Paleomagnetism of Southeast and East Asia

  1. M.W. McEIhinny and
  2. D.A. Valencio
  1. Neville S. Haile

Published Online: 15 MAR 2013

DOI: 10.1029/GD002p0129

Paleoreconstruction of the Continents

Paleoreconstruction of the Continents

How to Cite

Haile, N. S. (1981) Paleomagnetism of Southeast and East Asia, in Paleoreconstruction of the Continents (eds M.W. McEIhinny and D.A. Valencio), American Geophysical Union, Washington, D. C.. doi: 10.1029/GD002p0129

Author Information

  1. 5 First Turn, Upper Wolvercote, Oxford OX2 8AG, England

Publication History

  1. Published Online: 15 MAR 2013
  2. Published Print: 1 JAN 1981

Book Series:

  1. Geodynamics Series

ISBN Information

Print ISBN: 9780875905112

Online ISBN: 9781118670217



  • Paleomagnetic data;
  • Paleomagnetism;
  • Polar projection;
  • Rotation;
  • Sedimentary rocks;
  • Southeast and East Asia


The decade 1970–1979 saw the first paleomagnetic work in Southeast Asia, providing useful constraint on paleomagnetic reconstructions. In that part of the region the oldest result, from the Ordovician of Malaysia, indicates a paleolatitude of 43°. Later Paleozoic and Mesozoic results from Southeast Asia all indicate paleolatitudes within 26° of the equator, indicating that movement north or south of present positions was not great, at least for the sampled elements. Considerable rotations have been demonstrated, however, for Thailand, Malay Peninsula, Borneo, Sumatra, Sulawesi, Sumba, Sumbawa, and Seram, and the results enable a start to be made in defining boundaries of ‘microplates' or major structural blocks in the region.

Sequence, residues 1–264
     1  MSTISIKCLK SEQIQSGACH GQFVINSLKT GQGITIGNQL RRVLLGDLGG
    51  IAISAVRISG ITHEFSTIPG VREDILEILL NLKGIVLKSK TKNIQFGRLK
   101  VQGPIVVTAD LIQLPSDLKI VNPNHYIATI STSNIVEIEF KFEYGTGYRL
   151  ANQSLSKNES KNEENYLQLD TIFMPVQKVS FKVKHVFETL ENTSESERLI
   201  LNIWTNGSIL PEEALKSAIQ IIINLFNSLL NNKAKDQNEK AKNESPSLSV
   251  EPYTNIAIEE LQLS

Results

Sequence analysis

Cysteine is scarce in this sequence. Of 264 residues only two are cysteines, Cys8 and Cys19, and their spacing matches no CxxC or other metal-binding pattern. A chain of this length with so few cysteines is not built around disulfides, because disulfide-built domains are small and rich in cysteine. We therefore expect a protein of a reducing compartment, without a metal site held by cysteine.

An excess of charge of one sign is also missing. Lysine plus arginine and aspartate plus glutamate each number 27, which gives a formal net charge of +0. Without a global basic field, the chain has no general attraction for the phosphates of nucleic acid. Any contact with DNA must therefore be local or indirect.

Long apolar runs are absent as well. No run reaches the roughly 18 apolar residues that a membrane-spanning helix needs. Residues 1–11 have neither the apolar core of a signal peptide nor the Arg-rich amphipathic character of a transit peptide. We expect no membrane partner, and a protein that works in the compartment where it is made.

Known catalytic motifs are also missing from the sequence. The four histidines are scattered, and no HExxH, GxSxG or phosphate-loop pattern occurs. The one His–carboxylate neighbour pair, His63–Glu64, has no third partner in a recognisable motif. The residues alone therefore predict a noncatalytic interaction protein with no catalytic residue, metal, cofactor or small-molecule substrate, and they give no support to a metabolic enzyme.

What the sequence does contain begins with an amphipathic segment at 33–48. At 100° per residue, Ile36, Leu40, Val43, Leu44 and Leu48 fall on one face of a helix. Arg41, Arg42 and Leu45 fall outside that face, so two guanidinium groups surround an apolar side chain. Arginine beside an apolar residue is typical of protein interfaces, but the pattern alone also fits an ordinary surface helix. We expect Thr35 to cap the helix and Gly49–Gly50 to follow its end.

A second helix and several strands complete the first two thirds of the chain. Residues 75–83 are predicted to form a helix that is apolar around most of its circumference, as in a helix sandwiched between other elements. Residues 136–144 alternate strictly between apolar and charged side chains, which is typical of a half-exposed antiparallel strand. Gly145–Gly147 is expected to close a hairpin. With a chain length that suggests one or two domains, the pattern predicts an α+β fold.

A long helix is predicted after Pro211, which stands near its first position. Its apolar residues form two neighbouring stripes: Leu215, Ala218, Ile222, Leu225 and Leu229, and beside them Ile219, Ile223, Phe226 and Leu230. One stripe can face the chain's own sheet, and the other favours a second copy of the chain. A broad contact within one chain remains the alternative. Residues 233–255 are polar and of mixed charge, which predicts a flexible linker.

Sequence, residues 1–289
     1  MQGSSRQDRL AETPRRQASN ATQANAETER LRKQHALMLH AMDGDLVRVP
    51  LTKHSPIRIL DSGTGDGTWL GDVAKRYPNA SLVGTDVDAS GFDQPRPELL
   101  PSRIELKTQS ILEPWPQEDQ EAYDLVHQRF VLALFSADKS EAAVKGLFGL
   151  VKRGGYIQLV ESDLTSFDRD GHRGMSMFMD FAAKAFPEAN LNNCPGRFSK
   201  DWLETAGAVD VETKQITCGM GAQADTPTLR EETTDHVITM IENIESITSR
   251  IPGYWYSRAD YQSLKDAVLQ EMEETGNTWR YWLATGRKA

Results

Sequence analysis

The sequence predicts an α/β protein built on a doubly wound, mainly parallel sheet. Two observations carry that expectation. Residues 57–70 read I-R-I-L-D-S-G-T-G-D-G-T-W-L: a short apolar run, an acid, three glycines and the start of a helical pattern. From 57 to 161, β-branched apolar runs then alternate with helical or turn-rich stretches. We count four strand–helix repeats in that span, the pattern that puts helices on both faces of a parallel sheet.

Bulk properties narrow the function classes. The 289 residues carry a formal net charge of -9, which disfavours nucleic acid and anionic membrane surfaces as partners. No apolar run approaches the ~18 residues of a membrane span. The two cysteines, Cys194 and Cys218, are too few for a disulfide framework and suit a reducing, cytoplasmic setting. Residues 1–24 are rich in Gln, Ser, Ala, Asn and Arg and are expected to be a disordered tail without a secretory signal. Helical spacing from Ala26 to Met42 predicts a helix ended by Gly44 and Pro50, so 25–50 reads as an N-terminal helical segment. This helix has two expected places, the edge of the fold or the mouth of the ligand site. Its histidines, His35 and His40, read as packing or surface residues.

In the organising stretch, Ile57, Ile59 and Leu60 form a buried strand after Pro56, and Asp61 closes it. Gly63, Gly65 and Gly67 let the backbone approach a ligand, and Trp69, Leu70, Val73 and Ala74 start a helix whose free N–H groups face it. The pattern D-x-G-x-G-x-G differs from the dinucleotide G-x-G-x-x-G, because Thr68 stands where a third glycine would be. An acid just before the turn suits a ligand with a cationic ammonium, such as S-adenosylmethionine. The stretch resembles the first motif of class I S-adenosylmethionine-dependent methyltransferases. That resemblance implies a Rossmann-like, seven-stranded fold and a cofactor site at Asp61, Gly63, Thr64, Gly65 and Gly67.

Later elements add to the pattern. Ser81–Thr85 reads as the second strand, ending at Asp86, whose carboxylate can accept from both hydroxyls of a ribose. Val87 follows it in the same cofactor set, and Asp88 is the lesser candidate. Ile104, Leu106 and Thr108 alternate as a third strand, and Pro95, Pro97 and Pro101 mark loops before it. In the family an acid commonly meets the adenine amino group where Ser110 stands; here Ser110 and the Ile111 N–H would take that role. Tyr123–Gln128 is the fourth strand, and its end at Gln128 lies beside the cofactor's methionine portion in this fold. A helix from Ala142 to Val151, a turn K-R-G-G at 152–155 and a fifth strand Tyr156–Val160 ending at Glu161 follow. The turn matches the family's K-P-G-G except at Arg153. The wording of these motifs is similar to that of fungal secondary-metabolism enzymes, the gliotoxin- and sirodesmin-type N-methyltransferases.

Southeast and East Asia have an extremely complex tectonic history, and are a region of the world with very sparse paleomagnetic data available. The results so far, although scattered, are sufficient to demonstrate the potential of the method for elucidating the tectonic and paleogeographic history of the region.